Facing interest charges of $1.5 million
per month alone,
the city continues to battle against paying what's due to the Public Employees Retirement Association
for Memorial Hospital
employees who left PERA when the city leased Memorial in 2012.
Now, the courts again have ruled against the city, denying its ability to pursue what's called an interlocutory appeal. That's an appeal mid-stream in a lawsuit before it's settled by a trial. The city had hoped to prevail in its appeal of a previous district court ruling, by retired District Judge Harlan Bockman
on Feb. 10, that found the city should have followed the statutory process of opting out of PERA instead of just pull the plug as the city did. The city is free to appeal whatever judgment results from the trial, set for October.
That process includes a vote of employees and an application to the PERA board.
The city leased the hospital on Oct. 1, 2012, to University of Colorado Health
. The city claims it owes PERA nothing for Memorial employees' retirement benefits after they were switched to UCH, even though UCH gave the city $185 million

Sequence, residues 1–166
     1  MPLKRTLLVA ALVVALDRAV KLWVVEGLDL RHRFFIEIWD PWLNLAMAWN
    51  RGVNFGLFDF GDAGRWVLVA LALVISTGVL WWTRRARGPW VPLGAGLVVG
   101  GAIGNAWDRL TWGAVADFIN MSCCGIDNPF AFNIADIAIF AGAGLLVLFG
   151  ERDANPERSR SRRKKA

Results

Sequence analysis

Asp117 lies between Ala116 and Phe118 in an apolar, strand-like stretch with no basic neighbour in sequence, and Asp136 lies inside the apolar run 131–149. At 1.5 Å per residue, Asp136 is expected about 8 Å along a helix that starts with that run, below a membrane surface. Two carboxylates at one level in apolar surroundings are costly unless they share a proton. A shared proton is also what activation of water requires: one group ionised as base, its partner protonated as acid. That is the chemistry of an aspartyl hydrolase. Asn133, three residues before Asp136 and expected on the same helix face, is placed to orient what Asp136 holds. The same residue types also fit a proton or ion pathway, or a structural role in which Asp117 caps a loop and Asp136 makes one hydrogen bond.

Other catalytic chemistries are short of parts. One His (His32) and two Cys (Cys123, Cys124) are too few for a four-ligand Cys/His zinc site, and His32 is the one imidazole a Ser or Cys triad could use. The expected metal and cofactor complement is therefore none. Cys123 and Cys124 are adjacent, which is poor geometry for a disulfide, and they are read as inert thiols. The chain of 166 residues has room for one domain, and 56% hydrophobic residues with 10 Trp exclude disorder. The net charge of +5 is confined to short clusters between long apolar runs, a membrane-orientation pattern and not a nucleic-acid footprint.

specifically for the PERA obligation. UCH's total paid to the city for the lease came to $259 million
. which is to be used for a public health purpose through a foundation. The city also receives yearly payments of about $5 million.
PERA contended the city owes roughly $190 million
, a figure that PERA says is growing due to accumulating interest of about $1.5 million per month.
The figure today is $215 million
, says PERA attorney Adam Franklin
. On top of that, through January, the city had paid Hogan Lovells
law firm $1.5 million to litigate the PERA case.
About two weeks ago, PERA got another favorable ruling from Bockman, who sided with PERA by saying it can rely on common law theories. Franklin says in an interview, "The significance of that is, we believe that may entitled us to damages beyond what the statute would allow
us to recover. Bottom line: We think that ruling may entitle us to additional damages."
"The City continues to try and shift their financial obligation to other local governments and their employees across Colorado," Franklin said in a statement. "At the end of the day this is about making sure that PERA members and beneficiaries receive the benefits they have earned. We are pleased with the recent rulings by the district court which will ensure that this matter is not delayed even further while substantial interest continues to accrue."
Emails to the city didn't draw an immediate response; the city in the past has refused to discuss publicly pending litigation.